I firmly believe that the inner wrapping should be beautiful, but when it comes to the outer wrapping don't be afraid to recycle packaging materials.
 Not only is it better for the environment, it will also keep postage costs down - for you and the customer.
I am lucky to have access to a supply of strong plastic sheeting from my dad's factory unit, which is not only waterproof but lightweight aswell.
Many shops will be glad to off load their plastic sheeting as it would usually be sent for recycling.

 Midnight wrapping.
 When wrapping multiple orders, resist the temptation to do this after midnight.
 After a 2am wrapping spree the night before, with only jelly babies to keep me awake, I was on my way to the couriers when I happened to glance in my parcel sack, only to see two parcels with the same address!
An easy mistake to make when you're tired, but not so easy to rectify when the parcels are on their  way...
   And while I'm on the subject of pretty packaging - how beautiful is the packaging on this fabric delivery from Japan!


Thursday, 2 October 2014

Musing on 17. 1984, and the rocky road of adolescence.

Sitting on a bus today, musing on the ridiculous ''no travel on a Sunday'' curfew imposed by the resident bus company, I found myself wondering why I never learned to drive at seventeen.

To many people seventeen means driving lessons, a secondhand car and a new found sense of freedom.
My sister learned to drive, my brother learned to drive.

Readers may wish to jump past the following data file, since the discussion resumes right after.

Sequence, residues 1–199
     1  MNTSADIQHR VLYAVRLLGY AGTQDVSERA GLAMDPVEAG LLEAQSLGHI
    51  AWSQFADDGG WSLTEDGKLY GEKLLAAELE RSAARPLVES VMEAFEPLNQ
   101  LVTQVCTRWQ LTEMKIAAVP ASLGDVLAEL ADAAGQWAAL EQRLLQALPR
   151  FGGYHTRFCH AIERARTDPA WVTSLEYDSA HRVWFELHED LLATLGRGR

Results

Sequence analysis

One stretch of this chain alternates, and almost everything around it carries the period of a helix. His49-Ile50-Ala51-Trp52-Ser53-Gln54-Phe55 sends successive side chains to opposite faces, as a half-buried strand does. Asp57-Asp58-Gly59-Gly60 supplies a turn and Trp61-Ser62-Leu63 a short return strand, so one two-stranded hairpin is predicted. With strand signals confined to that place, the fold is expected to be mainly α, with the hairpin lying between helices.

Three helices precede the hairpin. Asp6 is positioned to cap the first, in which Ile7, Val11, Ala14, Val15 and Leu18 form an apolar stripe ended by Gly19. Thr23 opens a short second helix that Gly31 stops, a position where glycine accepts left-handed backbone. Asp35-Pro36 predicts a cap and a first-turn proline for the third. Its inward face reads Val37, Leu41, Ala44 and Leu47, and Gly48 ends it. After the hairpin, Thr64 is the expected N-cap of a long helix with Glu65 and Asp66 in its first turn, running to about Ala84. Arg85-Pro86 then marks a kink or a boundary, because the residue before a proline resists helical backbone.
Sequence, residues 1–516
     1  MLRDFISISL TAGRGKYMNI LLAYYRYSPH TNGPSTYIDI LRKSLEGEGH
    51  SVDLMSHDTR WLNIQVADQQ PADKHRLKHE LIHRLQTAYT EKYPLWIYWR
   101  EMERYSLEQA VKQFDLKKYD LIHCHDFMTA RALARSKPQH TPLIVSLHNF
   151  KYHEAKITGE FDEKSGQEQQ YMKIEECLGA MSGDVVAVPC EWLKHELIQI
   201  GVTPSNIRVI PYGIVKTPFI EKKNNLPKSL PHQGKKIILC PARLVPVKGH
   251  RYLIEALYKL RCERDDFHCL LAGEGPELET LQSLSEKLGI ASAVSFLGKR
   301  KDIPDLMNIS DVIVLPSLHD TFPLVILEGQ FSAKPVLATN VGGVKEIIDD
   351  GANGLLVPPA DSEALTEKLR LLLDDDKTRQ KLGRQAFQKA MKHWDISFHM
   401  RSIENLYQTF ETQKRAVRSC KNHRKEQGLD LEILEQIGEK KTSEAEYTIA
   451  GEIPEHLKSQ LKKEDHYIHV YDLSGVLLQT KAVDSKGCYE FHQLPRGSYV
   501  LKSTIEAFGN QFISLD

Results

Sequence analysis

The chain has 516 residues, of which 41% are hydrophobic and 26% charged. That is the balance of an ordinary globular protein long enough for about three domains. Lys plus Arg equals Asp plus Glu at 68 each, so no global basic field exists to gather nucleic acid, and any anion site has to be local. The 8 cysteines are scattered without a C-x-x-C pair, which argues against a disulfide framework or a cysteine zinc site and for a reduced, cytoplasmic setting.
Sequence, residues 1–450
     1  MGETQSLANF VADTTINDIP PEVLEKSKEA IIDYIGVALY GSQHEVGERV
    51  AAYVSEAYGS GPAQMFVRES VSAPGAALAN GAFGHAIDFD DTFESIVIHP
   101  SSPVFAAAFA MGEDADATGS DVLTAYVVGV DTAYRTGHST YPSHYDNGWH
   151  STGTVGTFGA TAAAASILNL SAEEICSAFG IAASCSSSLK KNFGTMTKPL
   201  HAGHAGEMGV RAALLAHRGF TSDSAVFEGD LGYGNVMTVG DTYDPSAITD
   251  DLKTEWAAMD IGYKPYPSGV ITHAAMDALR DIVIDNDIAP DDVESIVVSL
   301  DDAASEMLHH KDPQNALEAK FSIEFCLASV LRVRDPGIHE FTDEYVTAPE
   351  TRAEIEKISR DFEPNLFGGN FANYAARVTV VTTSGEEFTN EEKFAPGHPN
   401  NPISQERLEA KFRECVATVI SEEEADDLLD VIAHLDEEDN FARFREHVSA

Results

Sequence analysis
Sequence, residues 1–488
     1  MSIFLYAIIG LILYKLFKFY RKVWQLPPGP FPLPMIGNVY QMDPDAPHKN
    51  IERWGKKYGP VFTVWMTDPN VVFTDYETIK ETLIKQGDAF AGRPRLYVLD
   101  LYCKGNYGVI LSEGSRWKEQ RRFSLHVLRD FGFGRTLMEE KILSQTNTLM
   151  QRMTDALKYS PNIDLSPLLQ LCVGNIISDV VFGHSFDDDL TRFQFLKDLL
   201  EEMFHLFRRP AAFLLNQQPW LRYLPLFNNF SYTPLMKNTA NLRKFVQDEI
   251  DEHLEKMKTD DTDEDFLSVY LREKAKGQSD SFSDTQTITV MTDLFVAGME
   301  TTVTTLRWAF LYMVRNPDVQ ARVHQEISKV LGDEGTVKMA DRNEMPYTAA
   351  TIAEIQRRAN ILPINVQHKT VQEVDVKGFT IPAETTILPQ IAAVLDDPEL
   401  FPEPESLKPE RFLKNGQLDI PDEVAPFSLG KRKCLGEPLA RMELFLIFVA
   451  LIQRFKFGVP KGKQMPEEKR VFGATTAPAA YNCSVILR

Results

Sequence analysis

To me seventeen was, quite simply, The Year That Was.
Frankie goes to Hollywood, Top of the Pops 1984.

July, 1984.
I turned 17 on the 8th of July.
Frankie goes to Hollywood was ensconced at number 1 with Two Tribes, and my outfit of choice was a banana yellow jumpsuit.
With Boy George ribbons, too much makeup and very large earrings.

I was coming to the end of my first year at Art School and Cornwall was looming large.
That teenage milestone that is The First Holiday Without Parents.
In theory it was going to be a sedate cycling holiday.
The fact that I neither owned a bike nor rode one wasn't going to stop me.
In reality, the borrowed bike sat gathering dust and our Cornish cottage became Party Central.
Those eight days passed by in a flash.

And kickstarted a year of rebellion.

 July 1984 to July 1985 was a whirlpool of emotions.
Of angst and traumas and dodgy decisions.
Of unsuitable boyfriends, dubious friends and the ridiculous Cadillacs.
Of the unceremonious boot from the family home (albeit temporary) and subsequent dropping out of Art School.
Of various hotel jobs in Devon - in one particularly memorable pub I drew the line at ironing Y-fronts and was asked to leave!
And finally, coming full circle, returning to Sussex and finding an anchor at the airport.
The airport gave me stability.
And it sowed the seeds of kibbutz.

I will always be grateful to the man whose name I cannot remember, whose parting gift to me was that iconic backpackers bible of the 1980s, THE KIBBUTZ VOLUNTEER - how to become a kibbutz volunteer.

I wore that book out.
Which is probably why I never learned to drive.